By the time men reach their twenties, they have years of experience with women as equal competitors in school, on soccer fields, and even in bed.  Small wonder if they initially assume that the women they meet are after the same things they are: financial independence, career success, toned triceps, and sex.

But then, when an SYM [single young man] walks into a bar and sees an attractive woman, it turns out to be nothing like that.  The woman may be hoping for a hookup, but she may also be looking for a husband, a co-parent, a sperm donor, a relationship, a threesome, or a temporary place to live.  She may want one thing in November and another by Christmas.

Experience shows that if you don't know what you want, you're not likely to get it.  In the old days, a woman wanted a man who would assume his duty to support her in return for her assuming her duty to care for him and for his house; love and a meaningful relationship were very much optional, but could and frequently did evolve out of dutiful marriage.

If a women wants something other than traditional marriage, there aren't any tested guidelines out there because women's independence is such a new phenomenon.  If she's actually looking for a husband, however, it's rather simple to explain that to any man she meets, preferably before the first date.

To oversimplify, it a woman wants to get married, she should say so, explain that she wants a man to stay with her instead of playing with her.  She should then follow up by asserting that she understands the duties of marriage and that she plans to fulfill them even if the law no longer requires that she do so.

If a woman wants to hang out with a man or men but doesn't want to get married, however, she's on her own in uncharted territory. Even non-traditional publications are realizing, more and more, that the new "rules" or lack thereof may not be working out so well for anyone.

Lee Tydings is a guest writer for  Read other articles by Lee Tydings or other articles on Foreign Affairs.
Reader Comments
"The thought of France gladdens the heart of every romantic"

Speak for yourself. I've been to France. THE PLACE SMELLS AND IS FILTHY. THE LAST THING I THINK OF WHEN IT COMES TO ROMANCE IS FRANCE. Filthy, stupid frogs.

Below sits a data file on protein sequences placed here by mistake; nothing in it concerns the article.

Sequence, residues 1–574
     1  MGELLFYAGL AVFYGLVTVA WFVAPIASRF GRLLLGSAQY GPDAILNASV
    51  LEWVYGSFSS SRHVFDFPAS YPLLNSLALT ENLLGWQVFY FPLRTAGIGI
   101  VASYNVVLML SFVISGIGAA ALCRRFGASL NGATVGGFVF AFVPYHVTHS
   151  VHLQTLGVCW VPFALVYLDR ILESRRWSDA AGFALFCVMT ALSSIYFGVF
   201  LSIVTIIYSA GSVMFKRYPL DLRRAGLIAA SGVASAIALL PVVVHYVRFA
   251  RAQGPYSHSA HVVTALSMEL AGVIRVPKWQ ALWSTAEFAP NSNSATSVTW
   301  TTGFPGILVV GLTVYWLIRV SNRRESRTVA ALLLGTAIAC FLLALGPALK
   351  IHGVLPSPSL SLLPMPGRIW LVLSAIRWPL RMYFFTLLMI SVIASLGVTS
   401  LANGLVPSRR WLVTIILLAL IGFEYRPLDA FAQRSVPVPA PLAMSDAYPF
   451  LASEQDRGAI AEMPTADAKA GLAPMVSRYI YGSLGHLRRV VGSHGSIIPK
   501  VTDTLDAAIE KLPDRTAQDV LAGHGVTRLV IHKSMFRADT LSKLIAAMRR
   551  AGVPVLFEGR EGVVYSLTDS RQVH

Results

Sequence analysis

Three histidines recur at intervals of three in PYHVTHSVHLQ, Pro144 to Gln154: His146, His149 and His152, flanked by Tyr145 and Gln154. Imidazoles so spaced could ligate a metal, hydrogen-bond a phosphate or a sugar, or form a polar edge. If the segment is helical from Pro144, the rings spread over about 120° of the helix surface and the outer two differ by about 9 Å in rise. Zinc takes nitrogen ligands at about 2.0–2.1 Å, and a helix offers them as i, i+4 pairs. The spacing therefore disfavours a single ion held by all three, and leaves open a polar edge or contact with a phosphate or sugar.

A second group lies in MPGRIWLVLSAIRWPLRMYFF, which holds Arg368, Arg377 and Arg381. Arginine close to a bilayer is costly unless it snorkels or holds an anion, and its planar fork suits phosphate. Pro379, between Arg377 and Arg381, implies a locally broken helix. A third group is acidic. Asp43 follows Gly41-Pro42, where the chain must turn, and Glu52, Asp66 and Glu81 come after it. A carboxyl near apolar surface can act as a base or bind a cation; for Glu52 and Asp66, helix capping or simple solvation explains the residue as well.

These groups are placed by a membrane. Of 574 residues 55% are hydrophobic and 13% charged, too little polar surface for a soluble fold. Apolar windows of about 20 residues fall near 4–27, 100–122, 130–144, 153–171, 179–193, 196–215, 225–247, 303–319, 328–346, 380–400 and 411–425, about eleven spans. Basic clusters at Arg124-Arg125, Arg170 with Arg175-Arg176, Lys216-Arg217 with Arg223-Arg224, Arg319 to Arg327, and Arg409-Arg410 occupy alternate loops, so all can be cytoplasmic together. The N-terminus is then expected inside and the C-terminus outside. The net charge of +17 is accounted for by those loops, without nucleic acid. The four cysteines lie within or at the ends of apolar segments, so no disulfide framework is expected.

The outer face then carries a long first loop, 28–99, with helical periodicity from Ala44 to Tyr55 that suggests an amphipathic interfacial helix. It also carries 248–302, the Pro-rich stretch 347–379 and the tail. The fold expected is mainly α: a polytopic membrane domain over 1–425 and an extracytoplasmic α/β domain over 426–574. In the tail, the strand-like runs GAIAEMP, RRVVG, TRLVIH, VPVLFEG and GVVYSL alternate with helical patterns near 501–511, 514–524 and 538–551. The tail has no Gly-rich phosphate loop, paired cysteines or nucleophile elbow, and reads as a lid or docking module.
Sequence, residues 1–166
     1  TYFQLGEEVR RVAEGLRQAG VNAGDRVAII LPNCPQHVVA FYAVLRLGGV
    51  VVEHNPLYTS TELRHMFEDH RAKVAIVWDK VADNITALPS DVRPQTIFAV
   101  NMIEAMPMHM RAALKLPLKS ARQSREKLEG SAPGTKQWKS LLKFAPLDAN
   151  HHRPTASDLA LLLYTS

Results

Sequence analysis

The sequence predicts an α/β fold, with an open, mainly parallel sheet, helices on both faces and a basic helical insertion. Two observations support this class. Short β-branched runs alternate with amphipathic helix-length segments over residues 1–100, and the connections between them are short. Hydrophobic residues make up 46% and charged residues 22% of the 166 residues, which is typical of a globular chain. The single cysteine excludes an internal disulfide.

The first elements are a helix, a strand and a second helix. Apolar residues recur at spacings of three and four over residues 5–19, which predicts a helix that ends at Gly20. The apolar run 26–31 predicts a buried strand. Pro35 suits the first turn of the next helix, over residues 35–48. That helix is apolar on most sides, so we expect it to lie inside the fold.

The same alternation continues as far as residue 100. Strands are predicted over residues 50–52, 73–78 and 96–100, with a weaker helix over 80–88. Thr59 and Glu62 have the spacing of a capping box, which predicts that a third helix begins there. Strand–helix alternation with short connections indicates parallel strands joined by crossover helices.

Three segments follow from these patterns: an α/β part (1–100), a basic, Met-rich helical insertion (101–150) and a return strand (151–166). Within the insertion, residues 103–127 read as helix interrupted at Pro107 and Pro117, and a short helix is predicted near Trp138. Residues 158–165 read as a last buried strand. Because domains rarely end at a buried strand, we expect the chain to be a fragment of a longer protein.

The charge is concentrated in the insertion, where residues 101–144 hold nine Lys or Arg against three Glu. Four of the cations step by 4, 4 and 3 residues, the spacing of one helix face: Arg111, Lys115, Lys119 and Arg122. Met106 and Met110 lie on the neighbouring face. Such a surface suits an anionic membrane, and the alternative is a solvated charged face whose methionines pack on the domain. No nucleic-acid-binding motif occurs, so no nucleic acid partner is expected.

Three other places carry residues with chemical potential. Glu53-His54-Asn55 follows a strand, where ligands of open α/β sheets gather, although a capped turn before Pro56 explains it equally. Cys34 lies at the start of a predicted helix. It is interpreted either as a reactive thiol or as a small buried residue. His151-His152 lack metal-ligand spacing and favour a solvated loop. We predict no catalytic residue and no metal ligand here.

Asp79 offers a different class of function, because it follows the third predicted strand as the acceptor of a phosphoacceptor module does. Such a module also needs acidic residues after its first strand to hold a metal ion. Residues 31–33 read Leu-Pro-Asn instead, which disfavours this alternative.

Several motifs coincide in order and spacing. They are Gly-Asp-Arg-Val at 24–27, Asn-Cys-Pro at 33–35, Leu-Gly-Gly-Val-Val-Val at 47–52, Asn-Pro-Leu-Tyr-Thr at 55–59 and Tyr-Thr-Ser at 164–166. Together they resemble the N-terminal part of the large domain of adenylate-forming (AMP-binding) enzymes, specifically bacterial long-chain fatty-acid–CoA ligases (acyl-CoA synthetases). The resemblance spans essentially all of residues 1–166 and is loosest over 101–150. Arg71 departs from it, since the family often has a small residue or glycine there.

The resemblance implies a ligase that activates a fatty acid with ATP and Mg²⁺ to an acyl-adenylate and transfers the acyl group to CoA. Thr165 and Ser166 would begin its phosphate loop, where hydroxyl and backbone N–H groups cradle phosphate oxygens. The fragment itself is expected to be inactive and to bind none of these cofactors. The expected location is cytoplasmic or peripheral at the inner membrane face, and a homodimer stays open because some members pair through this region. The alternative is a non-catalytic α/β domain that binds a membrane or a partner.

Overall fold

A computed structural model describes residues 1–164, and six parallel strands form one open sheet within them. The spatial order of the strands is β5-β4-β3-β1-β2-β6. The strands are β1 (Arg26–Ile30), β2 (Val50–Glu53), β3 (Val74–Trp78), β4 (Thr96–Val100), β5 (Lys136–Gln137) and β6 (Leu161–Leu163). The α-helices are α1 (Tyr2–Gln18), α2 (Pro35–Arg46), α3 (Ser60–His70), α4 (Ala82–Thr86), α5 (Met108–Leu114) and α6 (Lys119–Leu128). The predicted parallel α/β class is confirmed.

December 4, 2008 10:49 AM
Heh, that's why it said "the THOUGHT" of France. The REALITY of France is a somewhat different matter, it would seem.
December 4, 2008 12:26 PM
I disagree with the notion that virginity should have anything to do with a valid reason to get married or get divorced. However, what *I* think is irrelevant to others.

If someone has a marriage contract written out such that virginity is specifically required, then they should have the right under that contract to have the whole thing annulled.

The problem in this case is that there was no contract and so the government is left to decide who said what and when.

Without a contract, I have to side with the government. If it was important enough at the time, he should have made a contract.
December 4, 2008 4:32 PM
Questions for twibi, just for clarification.

a) Do you think that if the couple had had a written contract mentioning virginity as a requirement, that the French court should have dissolved the marriage? In other words, "essential matters" have to be listed up front in writing?

b) What do you think about American no-fault divorce which lets a couple split up for no reason at all? American marriages appear to be worth nothing at all in that the agreement, contract, or whatever it is, is not enforceable.
December 4, 2008 10:14 PM
a) Yep. I lean towards the perspective that EVERY divorce should have a written contract with all specific divorce holes listed ahead of time.

b) Don't like them. I think you should only be able to get out of it for breach of contract.
December 5, 2008 6:55 AM
Add Your Comment...
4000 characters remaining
Loading question...